As we understand the position of appellants, it is their contention that while, under section 4943 of the Code of Laws, it is the duty of the railroad company to furnish reasonable accommodations for the convenience and safety of passengers, and though required to inspect its trains for the safety of its passengers, the law does not require continuous inspection, and the railroad is not chargeable with knowledge at each moment of the condition of every part of its train, and therefore, under the evidence of this case, the defendants are not liable. In support of this position, counsel for appellants call attention to the case of Louisville, etc., R. Co. v. O'Brien, 163 K.Y., 538; 174 S.W. 31; Ann. Cas., 1916-E, page 1084. It is also appellants' contention that it does not appear from the evidence in the case that the alleged injury to the plaintiff was the result of any agency or instrumentality of the carrier in question such as under the decisions would give rise to a presumption of negligence, and cite in support of this position the case of Anderson v. Railway Company, 77 S.C. 434; 58 S.E., 149; 122 Am. St. Rep., 591, and Taylor v. Railway, 78 S.C. 552; 59 S.E., 641. In further support of their position, counsel for appellants also call attention to the following additional authorities: 4 R.C.L., 1208, § 630; Hotenbrink v. Boston Elevated R. Co., 211 Mass. 77; 97 N.E., 624; 39 L.R.A. (N.S.), 419, and note; 10 A.L.R., 265, note; and note in 21 Ann. Cass., page 1144; Goddard v. Boston, etc., R. Co., 179 Mass. 52; 60 N.E., 486; Hauk v. New York, etc., R. Co., 34 App. Div., 434; 54 N.Y.S., 248; Benson v. Manhattan R. Co., 31 Misc. Rep., 723; 65 N.Y.S., 271. Since under the well-organized rule ( Hutchison v. Southern Railway Company, 109 S.C. 94, 95 S.E., 181, Ashe v. Southern Railway Company, 104 S.C. 414, 89 S.E., 482) it is the duty of the Court, in considering whether a motion for a direction of a verdict should be granted, to consider the evidence in the light most favorable to the plaintiff, for the purpose of this appeal it must be conceded that the plaintiff was injured while a passenger on the train in question by slipping on a banana peel in the said aisle of said train while attempting to disembark therefrom; also, there being some testimony to support the contention that the defendants knew it was customary for passengers on its train to eat bananas thereon, and to throw the peel of the bananas on the floor of the passenger coach, where the passengers walked in disembarking from said train, and knew that it was dangerous, and that a passenger stepping on the peel of a banana would likely fall and be injured, a question for the jury was raised, as to whether the defendants, under the facts and circumstances of this case, exercised that degree of care for the safety and protection of the passengers on said train that the law and also the rules of the said railway company require, or were guilty of negligence, and, if so, whether such negligence was the proximate cause of the plaintiff's alleged injury. In the case of Anderson v. Railway Company, supra, cited by appellant, which was a case where the passenger was injured by a fellow passenger from a pistol shot wound, the Court held that it was the duty of the carrier to use due care to protect its passengers, and, in effect, further held that, where a carrier had knowledge of the existence of the danger or of the facts and circumstances from which the danger may be reasonably anticipated, it is the duty of the carrier to use the highest degree of care to protect a passenger from the wrongful acts of a fellow passenger. In the other South Carolina case, cited by appellant, Taylor v. Railway, supra, the alleged injury complained of was caused by a loud boisterous crowd of negroes on the station premises of the carrier where the plaintiff disembarked from the carrier's passenger train. The Court in that case approved the holding in the Anderson Case, supra. Another principle of law which the Court recognizes is that, when an injury occurs to a passenger on a train from any instrumentality or agency under the control of the carrier, a presumption of negligence arises on the part of the carrier, for in such instance the carrier owes to the passenger the highest degree of care to protect him against danger and injury. Applying these principles of law to the evidence in the case, in our opinion, an issue of fact was raised for the jury. A reasonable inference to be drawn from the testimony in the case at bar is that a banana peel in the aisle of a passenger coach is not an unexpected peril, but is an expected peril and danger, especially on an excursion train, such as the train in question in this case, and therefore it was for the jury to say, under the facts and circumstances in this case, whether the defendants were negligent and whether such negligence was the proximate cause of the plaintiff's alleged injury. In our opinion, the trial Judge properly refused defendant's motion for direction of a verdict. In this connection attention is called to the cases of McKittrick v. Traction Company, 88 S.C. 97, 70 S.E., 414, Brown v. Railroad Company, 83 S.C. 55, 64 S.E., 1012, and Sullivan v. Railway Company, 85 S.C. 535, 67 S.E., 905.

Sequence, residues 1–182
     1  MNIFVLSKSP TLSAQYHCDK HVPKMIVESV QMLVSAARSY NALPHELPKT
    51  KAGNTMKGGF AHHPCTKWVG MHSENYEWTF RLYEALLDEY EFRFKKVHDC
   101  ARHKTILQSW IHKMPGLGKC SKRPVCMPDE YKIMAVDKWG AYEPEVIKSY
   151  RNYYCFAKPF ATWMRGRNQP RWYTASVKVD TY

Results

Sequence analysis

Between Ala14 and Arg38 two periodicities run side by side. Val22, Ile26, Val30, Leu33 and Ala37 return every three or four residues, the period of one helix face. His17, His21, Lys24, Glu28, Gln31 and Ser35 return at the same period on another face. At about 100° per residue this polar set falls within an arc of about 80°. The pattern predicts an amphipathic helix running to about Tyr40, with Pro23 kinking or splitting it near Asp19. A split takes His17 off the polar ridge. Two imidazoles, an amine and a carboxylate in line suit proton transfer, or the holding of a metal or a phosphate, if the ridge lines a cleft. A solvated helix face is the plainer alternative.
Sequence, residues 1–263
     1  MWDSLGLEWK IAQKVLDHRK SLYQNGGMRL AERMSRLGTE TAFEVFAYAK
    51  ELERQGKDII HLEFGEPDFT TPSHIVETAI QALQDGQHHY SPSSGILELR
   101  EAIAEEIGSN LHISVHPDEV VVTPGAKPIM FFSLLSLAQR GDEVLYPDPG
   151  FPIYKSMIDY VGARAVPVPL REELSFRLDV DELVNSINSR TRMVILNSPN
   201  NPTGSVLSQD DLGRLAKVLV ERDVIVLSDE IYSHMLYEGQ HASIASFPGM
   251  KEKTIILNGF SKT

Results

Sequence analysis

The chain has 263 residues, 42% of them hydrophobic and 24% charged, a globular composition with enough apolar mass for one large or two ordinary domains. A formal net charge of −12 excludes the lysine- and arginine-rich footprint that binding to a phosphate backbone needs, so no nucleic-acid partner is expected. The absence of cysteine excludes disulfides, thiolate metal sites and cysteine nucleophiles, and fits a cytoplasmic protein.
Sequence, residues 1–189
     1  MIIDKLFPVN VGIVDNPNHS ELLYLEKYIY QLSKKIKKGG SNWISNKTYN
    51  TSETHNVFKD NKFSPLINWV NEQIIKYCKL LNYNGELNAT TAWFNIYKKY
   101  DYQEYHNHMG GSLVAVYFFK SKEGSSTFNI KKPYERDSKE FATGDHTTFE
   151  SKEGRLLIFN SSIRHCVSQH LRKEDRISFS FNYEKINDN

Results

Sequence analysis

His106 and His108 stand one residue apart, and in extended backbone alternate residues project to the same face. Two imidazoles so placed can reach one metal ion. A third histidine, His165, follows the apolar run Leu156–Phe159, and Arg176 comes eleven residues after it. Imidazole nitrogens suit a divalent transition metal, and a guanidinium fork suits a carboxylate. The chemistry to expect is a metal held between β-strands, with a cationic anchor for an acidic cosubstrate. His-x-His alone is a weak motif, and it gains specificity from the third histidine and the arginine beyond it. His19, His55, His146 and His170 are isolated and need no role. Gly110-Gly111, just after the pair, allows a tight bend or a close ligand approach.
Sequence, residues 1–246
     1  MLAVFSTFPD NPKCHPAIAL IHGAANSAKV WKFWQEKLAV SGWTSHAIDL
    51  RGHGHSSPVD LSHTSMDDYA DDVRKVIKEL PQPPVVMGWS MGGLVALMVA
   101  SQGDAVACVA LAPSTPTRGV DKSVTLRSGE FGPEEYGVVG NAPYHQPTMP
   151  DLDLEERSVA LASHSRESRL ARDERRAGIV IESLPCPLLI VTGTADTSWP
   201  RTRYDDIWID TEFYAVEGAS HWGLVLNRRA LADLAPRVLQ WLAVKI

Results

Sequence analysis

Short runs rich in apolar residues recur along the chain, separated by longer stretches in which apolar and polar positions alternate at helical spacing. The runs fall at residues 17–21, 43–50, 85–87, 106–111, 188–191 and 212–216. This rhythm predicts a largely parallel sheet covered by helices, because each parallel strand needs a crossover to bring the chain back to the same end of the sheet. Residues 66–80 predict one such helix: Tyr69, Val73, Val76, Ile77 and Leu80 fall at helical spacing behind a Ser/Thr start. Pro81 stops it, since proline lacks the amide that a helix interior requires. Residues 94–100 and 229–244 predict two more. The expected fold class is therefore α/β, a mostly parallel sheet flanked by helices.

The exceptions are therefore overruled and the judgment of the lower Court affirmed.